Deva fortress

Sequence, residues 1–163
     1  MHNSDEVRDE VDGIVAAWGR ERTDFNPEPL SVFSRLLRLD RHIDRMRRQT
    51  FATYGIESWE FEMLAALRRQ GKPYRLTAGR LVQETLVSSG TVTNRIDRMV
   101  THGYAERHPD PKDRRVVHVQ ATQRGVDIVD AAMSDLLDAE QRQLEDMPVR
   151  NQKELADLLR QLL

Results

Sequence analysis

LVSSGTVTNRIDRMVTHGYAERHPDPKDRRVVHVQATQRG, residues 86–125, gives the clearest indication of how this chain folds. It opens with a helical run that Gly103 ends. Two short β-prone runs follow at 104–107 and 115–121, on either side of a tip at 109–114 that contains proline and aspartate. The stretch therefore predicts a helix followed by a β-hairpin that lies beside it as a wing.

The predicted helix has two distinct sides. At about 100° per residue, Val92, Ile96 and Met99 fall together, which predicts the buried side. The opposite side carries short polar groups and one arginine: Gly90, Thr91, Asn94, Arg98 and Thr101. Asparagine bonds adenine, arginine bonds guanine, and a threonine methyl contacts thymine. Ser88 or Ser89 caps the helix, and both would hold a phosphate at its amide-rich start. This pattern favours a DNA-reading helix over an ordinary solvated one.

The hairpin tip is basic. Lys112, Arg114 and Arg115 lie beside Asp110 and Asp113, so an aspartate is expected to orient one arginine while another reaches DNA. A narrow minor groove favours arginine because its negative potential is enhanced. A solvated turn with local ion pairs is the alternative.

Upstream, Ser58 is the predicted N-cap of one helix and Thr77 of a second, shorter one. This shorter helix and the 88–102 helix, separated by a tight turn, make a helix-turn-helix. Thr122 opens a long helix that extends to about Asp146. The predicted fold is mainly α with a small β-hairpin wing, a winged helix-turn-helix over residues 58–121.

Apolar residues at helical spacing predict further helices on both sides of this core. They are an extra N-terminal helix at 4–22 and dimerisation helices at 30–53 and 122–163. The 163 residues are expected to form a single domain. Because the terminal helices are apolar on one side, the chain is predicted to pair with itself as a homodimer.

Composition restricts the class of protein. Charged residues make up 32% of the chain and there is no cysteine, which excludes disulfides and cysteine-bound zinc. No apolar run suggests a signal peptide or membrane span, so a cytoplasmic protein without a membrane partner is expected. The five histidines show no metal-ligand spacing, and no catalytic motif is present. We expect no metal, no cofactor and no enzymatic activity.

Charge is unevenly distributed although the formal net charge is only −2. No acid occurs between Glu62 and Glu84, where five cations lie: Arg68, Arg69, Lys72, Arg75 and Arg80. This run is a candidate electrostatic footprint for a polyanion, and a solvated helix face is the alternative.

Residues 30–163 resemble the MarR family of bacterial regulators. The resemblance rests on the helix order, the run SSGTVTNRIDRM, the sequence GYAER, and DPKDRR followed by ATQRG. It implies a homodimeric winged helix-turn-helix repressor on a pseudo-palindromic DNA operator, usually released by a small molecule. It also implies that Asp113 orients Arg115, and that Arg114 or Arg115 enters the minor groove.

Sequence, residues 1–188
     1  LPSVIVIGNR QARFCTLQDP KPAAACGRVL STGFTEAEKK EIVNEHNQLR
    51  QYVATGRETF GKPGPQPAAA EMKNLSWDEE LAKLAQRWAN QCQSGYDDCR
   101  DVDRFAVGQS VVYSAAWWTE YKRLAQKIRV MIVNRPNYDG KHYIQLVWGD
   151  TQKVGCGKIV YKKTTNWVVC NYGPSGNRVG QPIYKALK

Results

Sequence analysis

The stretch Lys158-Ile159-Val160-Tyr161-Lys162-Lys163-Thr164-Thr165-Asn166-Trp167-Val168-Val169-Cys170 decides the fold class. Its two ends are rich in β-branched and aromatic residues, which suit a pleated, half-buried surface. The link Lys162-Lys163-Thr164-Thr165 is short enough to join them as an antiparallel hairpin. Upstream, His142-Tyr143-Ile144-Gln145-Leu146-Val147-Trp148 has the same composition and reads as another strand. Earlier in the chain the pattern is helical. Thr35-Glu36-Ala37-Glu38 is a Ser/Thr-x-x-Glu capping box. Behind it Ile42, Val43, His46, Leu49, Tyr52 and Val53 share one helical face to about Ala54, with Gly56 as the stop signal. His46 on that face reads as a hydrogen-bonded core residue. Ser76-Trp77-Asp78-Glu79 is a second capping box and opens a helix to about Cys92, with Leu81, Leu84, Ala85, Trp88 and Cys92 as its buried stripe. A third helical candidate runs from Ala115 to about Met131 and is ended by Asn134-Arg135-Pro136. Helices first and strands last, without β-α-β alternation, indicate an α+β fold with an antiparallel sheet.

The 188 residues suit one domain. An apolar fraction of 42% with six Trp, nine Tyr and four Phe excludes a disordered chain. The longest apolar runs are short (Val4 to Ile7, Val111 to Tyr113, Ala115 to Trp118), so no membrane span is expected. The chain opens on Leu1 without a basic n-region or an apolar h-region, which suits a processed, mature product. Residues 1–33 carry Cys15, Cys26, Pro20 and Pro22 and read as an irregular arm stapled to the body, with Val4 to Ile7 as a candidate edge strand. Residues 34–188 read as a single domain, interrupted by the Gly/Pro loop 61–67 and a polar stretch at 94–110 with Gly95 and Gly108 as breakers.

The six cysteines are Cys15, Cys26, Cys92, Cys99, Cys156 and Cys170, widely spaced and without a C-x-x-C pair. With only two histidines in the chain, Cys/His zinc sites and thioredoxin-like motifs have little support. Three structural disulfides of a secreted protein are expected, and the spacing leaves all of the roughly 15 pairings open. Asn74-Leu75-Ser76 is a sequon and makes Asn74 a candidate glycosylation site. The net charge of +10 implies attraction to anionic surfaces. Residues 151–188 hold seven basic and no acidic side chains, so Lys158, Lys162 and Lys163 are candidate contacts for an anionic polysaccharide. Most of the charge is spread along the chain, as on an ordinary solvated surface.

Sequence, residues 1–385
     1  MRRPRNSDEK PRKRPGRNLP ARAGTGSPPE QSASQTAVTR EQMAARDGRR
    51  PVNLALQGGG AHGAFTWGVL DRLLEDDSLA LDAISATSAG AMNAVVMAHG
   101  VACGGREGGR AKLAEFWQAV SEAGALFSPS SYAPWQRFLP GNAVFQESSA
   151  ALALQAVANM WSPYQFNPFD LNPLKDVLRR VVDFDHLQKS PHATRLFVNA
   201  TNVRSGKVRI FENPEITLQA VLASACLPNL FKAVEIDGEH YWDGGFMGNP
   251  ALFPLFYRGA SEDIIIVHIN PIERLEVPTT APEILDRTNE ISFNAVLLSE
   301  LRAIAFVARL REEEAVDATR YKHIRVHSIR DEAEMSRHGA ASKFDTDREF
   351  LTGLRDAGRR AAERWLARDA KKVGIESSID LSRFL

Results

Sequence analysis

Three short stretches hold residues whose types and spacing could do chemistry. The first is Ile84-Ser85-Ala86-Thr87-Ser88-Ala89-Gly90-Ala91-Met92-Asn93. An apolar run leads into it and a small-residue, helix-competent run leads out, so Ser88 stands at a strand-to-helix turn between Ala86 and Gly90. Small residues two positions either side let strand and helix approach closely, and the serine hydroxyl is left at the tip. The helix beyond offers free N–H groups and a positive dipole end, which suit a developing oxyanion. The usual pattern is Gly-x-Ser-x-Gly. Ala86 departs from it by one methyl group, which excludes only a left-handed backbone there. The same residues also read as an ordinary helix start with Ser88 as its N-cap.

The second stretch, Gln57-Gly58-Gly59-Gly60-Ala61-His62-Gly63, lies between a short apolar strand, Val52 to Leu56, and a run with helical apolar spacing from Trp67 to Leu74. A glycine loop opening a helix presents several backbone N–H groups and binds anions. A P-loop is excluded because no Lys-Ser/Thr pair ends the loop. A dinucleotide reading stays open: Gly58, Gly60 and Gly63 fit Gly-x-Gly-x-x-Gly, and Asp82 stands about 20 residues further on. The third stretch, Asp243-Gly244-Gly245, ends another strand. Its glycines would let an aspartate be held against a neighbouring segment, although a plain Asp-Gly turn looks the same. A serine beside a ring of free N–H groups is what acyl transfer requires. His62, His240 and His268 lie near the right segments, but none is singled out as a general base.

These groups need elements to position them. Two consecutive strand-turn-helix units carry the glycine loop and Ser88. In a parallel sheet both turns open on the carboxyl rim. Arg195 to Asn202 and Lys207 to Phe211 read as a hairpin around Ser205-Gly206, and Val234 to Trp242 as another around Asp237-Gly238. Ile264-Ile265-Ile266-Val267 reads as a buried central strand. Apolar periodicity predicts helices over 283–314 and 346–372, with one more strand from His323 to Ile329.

Deva fortress dates back to 1269, when it was documentarily mentioned as Castrum Deva and it is located on Dealul Cetății [The Fortress Hill], at the foot of which lies the town of Deva, at an altitude of 371 m. Deva fortress is considered to be one of the most important mediaeval fortifications in Transylvania. The particular strategic position of the height overlooking Deva made for its habitation as early as prehistoric times, traces of habitation since the Neolithic and the Bronze Age having been discovered. The fortress was turned by Iancu de Huneoara into a nobleman’s castle, later on successively extended and becoming one of the most powerful strongholds in Transylvania. The fortress guarded the entrance into and exit from Transylvania along the Mureș valley, one of the most important roads to the center and West of Europe. In 1848, it was the headquarters of the imperial troops that took action against the Hungarian revolution. In 1849 the ammunition depot was blown up, which badly affected the fortress. At present, one can see several wall belts going along the contour, square or round towers and stately gates, as well as the ruins of the palace, restoration works being in course. The access to Deva Fortress is possible both on foot, starting from the town park (The Fortress Park) and by means of a cable car starting from the square at the foot of the hill.